A side pondering on the characters. The text doesn’t say much about who these two people were. It mentions one of their names once, Cleopas but that’s it, nothing else about this person, not even whether it was a man or a woman. I always imagined that these were two men. Well probably because there are drawings of this scene in that manner and because any unknown character is usually assumed to be a guy. I noticed that I do this even when I’m harmlessly playing with my daughter, a lego block she has personified and feeding, I ask her “what’s he eating?” or a water bottle she’s putting on a truck I ask, “where’s he going?”
I mention this because I’m a female pastor and the excavation of women characters that were present and vital to the story is important to me. I don’t mean just making up female characters, but at the least not assuming every character is male. In fact, when I looked closer into the text, it never once said that they were male. I just assumed so. The text only refers to them as them. In fact, some say that it would’ve been more likely to be a couple, which probably was a woman and a man then, traveling together rather than two men. Just giving us new eyes to imagine the text as we read. But also I like how the text just refers to the two as “they/them/theirs” the whole time too actually.
Alright back to the story. So. The two of them, they were going to a village called Emmaus.
Why? Why were they going away from Jerusalem, where everything had happened? Why were they walking away?
Maybe because it hurt too much. Maybe they were ready to call it quits from all that they thought and hoped. Maybe they needed a break from all the drama. Jerusalem was where everything had gone down and they were leaving. I mean I get it. Sometimes when we’re afraid, we retreat. Especially in the midst of great change or uncertainty, it’s easy to step away. Understandably, these two were trying literally to get some distance from it all.
Has that ever happened to you? Where for some reason, maybe you faced a loss too difficult, grief and anger too consuming, that you walked not toward God, but away? Have you ever felt so hurt that you didn’t have the energy or vision or hope to stay in it and the only thing you could do and needed was to get away? Have you ever felt like you wanted to turn away from God?
I actually think we feel this throughout our faith journey. Faith is not just something you have. Like, “I have faith”, But the process of not believing and struggling, walking away and finding ourselves at the crossroads, IS doing faith.
Our story tells us that when these two found themselves on the road to Emmaus, away from the center of all the drama, that there, right there on the dirt road they were trekking on, Jesus himself came up and walked along with them, asking,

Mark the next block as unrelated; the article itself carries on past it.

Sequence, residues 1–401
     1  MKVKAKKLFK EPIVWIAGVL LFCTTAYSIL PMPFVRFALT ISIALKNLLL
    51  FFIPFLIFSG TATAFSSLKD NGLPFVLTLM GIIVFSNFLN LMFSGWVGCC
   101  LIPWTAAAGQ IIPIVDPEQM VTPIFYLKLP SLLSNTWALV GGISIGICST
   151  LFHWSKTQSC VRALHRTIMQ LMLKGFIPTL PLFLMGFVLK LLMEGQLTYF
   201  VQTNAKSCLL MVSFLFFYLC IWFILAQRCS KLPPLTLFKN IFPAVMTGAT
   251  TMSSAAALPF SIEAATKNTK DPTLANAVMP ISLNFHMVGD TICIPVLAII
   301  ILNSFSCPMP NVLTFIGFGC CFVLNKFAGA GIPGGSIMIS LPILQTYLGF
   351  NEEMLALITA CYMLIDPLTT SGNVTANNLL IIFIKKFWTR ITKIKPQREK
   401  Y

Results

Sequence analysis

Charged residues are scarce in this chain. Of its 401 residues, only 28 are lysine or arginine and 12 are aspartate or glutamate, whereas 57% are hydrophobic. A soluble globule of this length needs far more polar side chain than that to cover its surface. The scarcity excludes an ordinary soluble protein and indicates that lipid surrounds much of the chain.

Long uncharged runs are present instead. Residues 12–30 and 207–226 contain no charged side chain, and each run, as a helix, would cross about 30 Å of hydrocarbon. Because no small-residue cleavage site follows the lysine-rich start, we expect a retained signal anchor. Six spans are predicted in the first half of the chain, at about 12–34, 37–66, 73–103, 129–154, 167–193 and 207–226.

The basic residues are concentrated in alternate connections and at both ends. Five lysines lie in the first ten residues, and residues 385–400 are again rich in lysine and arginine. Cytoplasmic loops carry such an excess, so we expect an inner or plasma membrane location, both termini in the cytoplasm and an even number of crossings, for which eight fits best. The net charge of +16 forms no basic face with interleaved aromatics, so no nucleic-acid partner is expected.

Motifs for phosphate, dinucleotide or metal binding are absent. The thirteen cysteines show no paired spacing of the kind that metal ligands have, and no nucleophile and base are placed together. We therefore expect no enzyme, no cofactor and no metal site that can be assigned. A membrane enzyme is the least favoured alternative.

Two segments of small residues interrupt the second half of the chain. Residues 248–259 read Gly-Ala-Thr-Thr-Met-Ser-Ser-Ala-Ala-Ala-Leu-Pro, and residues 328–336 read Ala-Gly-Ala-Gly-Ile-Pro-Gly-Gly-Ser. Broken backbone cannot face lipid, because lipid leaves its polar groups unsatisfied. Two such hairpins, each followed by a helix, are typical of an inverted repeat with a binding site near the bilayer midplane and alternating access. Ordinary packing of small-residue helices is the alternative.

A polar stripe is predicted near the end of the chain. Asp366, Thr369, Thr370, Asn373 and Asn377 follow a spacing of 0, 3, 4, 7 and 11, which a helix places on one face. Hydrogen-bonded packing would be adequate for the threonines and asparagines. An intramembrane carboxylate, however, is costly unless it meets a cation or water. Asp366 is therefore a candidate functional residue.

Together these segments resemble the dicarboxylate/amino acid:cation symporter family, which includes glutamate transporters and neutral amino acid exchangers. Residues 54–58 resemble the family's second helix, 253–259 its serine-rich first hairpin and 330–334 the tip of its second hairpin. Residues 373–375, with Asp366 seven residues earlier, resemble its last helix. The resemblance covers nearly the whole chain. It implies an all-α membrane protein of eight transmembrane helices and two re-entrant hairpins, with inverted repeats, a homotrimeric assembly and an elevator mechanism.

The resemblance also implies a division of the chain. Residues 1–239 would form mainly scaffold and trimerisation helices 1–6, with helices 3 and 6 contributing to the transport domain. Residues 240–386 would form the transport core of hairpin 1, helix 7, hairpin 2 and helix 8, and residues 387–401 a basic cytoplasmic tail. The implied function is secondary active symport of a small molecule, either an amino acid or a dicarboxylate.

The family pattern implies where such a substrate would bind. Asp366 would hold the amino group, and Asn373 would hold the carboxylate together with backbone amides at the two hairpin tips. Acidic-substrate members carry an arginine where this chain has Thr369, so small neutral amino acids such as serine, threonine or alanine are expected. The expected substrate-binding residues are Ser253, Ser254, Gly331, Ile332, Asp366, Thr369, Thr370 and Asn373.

“What are you discussing?”
What are you thinking about? What’s on your mind? Jesus asks.
And when they answered with despair, Jesus asked again, probing, “what thing?” Jesus came alongside them, curious, asking them questions, listening to what was on their hearts. Their hearts were broken. Their hearts were barely hanging on. And the first two things he said to them were, open questions.
How would you answer Jesus on your walk today? Whether it’s on a speedy brisk walk to figure things out, a churning mind on a hike, or a downcast barely-got-out-the-door stroll, can you imagine Jesus coming alongside you and asking you,
“hey what are you discussing amongst yourselves?” “what’s going on in your community?” “What’s your heart holding and contemplating on?”
When my husband and I go on walks together, we say it almost every time. I stop us and say “listen!” It’s a bird or the water stream nearby or children laughing. “Listen!” and it brings us back from whatever momentum we were on before, just going and busy, to pause and take in. Listen.
Let me tell you a story. A few years ago I met a young man named Shayok. He was fresh out of college, young charismatic energy, dark-skinned, and had an infectious laugh. We started having these meetings (one-on-ones they call them in the community organizing world) where we would meet up and we’d try to tell each other stories that shaped us. Stories that at some point maybe changed you, or solidified you. The story that left an imprint. Stories that broke us and motivated us.
We were sharing these stories because we were trying to find ways to work together towards making a change. But what change? How? He shared about walking around near Harvard campus and passing by a homeless guy that made him stop in his tracks to wonder –all this prestige and power, right next to this guy. But he didn’t just tell me what happened or what he knows about the inequity and discrepancy in his mind, but how he felt. It made him angry.
A year ago he started telling me about his dreams of trying to build some power and coalition locally in Cambridge, which is why he kept his relationship with me, a pastor in Cambridge. He was developing relationships with other leaders in the area like the pastor of Outdoor Church of Cambridge and leaders at the Unhoused Advocacy Group.